Rethinking reconstruction and replicas : advancing preservation through experimental archaeology

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Smith, Samantha Anastasia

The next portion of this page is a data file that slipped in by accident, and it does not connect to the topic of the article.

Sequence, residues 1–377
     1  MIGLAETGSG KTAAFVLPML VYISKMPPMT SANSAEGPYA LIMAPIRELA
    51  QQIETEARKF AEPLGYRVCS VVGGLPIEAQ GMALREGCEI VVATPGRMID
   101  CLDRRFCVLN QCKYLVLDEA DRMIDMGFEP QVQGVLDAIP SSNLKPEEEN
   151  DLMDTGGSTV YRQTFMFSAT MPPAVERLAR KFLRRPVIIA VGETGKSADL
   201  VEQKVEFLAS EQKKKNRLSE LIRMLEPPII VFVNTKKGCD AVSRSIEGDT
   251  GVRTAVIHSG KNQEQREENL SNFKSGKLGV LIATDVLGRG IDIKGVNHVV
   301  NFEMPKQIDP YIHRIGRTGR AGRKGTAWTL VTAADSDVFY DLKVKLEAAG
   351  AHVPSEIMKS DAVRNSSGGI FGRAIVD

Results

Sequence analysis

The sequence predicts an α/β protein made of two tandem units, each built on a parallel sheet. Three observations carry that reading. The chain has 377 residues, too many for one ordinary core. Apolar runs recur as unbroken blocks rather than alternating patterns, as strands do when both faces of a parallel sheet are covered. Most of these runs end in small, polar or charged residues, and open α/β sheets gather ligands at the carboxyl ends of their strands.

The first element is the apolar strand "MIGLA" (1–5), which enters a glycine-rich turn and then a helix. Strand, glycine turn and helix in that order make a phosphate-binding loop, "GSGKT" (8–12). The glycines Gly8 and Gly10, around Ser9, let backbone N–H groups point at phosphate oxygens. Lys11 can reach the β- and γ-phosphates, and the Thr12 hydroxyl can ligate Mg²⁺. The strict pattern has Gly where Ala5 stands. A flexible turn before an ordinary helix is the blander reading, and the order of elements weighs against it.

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According to the Secretary of the Interior’s standards, reconstruction of no longer extant buildings should be undertaken only based upon existing documentation and upon its original site. This is not always feasible, and in these cases, replica buildings may take their place. These replicas potentially have great . By creating experiments with the use of the scientific method—that is, by developing a hypothesis, testing it, and recording the results—interested groups can replicate conditions and experiences that cannot be achieved otherwise. Replicas may be expensive in time, materials, research, and labor to create, but because they are of no historical value, destructive experiments may be performed without losing objects of cultural significance. Preservation professionals are not the only people who can perform these experiments. This thesis explores this possibility with three case studies: replica structures or complexes that perform experiments and explore experiences. At Shakespeare’s Globe, actors, directors, costumers, and audiences seek to replicate a period experience and thereby expand scholarship on the plays that were originally performed in such theaters, the singular requirements of the space, and the experiences of the participants. Plimoth Plantation and the Mayflower II, both staffed by volunteer re-enactors and historians, seek to recreate respectively the conditions of a colonial Massachusetts village and the ship that brought its colonists. By replicating the material culture, participants can potentially replicate the experience of those who originally created and used it. To this end, the re-enactor community—a community of interested parties who are currently underutilized in preservation—can be tasked with projects and experiments to maximize the replicas’ usefulness. The same strategies can translate to historic sites. Through understanding the strengths of experimental and experiential archaeology, we can grow the population of preservationists nationwide and mobilize their ideas and enthusiasm. We can expand the use of historic buildings and create a sense of ownership in their communities. By defining and bridging the gap between experimental and experiential archaeology, we can push the boundaries of current preservation science with innovative approaches to generating a physical and emotional connection to material culture.



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